Elizabeth J. Farnsworth
  • 01/01/2010

Curtis Boehlen (Bates College Department of Biology, Lewiston, Maine) is studying the ecology of Scirpus longii along the Saco River in Maine. Nicholas M. Hill, Mount St. Vincent University Department of Biology (Halifax, Nova Scotia) has performed extensive research on Scirpus longii in Canada. The Committee on Status of Endangered Wildlife in Canada (COSEWIC) has conducted ongoing research on the Atlantic coastal plain flora of Canada.

Elizabeth J. Farnsworth
  • 01/01/2010

Tom Rawinski (Massachusetts Audubon Society (Lincoln, Massachusetts) has drafted a Conservation and Research Plan for the New England Wild Flower Society (NEWFS) addressing Scirpus longii populations in New England. He has also undertaken extensive surveys for the taxon in Massachusetts. Volunteer task forces of the New England Plant Conservation Program (NEWFS, Framingham, Massachusetts) regularly monitor populations of Scirpus longii in New England. The New England Wild Flower Society has successfully germinated Scirpus longii from seed. Germination is good when seeds are sown soon after collection (Brumback 1989). More recent studies at NEWFS indicate that seeds can germinate after a cold, moist treatment as well (W. E. Brumback, NEWFS, personal communication). Plants have been potted well from field-collected cuttings, and potted plants have sometimes flowered. Scirpus longii now grows in the permanent collection at Garden in the Woods. Intensive land protection efforts are underway in Maine (The Nature Conservancy), Nova Scotia (COSEWIC 2000), and Massachusetts (Rawinski 2001).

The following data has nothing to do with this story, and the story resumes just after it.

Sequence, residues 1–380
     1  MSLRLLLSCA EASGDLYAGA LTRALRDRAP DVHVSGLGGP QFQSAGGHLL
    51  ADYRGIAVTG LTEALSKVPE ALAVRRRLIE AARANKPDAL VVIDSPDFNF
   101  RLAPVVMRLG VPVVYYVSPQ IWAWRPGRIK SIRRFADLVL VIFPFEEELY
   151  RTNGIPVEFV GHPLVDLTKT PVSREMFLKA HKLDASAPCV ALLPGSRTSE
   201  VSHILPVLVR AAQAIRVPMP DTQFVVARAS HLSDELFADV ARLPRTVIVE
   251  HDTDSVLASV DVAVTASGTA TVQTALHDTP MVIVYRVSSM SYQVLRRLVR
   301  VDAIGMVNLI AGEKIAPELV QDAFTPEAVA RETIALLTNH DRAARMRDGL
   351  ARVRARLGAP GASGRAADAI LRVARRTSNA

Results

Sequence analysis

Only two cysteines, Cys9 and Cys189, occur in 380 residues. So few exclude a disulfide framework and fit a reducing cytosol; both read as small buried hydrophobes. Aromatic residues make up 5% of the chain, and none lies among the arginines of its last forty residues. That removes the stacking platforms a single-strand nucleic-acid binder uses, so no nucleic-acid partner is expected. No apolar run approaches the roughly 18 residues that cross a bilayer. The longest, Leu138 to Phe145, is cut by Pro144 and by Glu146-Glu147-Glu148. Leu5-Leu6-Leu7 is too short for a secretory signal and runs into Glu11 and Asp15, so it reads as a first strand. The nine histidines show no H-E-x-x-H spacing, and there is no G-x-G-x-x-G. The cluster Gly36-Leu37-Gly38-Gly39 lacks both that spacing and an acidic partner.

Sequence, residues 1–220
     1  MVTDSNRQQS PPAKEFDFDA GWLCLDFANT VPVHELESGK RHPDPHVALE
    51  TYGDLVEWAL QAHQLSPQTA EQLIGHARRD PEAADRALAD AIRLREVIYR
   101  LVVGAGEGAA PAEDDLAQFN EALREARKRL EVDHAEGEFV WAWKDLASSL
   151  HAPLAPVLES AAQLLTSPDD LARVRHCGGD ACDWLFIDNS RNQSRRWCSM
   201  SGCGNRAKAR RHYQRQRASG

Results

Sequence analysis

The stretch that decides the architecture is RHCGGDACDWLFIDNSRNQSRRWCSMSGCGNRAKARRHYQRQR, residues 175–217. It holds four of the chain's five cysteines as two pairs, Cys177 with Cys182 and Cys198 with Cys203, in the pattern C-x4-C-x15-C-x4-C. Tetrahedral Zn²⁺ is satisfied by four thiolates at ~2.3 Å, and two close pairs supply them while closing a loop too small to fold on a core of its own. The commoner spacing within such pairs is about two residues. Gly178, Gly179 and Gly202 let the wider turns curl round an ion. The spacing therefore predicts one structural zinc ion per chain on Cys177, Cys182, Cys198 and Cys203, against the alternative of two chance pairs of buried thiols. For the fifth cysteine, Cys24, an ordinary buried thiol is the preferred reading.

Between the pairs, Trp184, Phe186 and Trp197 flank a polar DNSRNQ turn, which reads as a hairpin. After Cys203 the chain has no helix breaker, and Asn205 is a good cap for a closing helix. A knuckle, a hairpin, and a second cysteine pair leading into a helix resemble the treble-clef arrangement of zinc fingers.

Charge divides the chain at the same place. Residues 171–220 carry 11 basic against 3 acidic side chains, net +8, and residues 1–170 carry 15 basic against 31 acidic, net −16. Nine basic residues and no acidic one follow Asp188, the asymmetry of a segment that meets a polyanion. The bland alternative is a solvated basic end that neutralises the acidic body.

Elizabeth J. Farnsworth
  • 01/01/2010

Needed research and management activities include: Controlled, experimental studies of the effects of fire on recovery of Scirpus longii Quantitative studies of the impacts of invasive species on Scirpus longii Studies of the correlation of Scirpus longii occurrences with particular nutrient levels and other aspects of soil and water chemistry Experimental research to determine ecological factors that trigger flowering Studies to determine whether the species generates a seed bank in the wild

Elizabeth J. Farnsworth
  • 01/01/2010

Studies of long-term seed storage techniques are needed.

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Photos
Nomenclature
Taxon Scirpus longii
Authority Fern.
Family Cyperaceae
CPC Number 3880
ITIS 40264
USDA SCLO
Common Names Long's bulrush
Associated Scientific Names Scirpus longii
Distribution Scirpus longii is found from southwestern Nova Scotia to the Pine Barrens of southern New Jersey. The species occurs in: southwestern Maine (Maine Department of Conservation 1999); Rochester, New Ham
State Rank
State State Rank
Connecticut SH
Massachusetts S2
Maine S2
New Hampshire S1
New Jersey S2
Nova Scotia S3
New York SX
Rhode Island S1
Habitat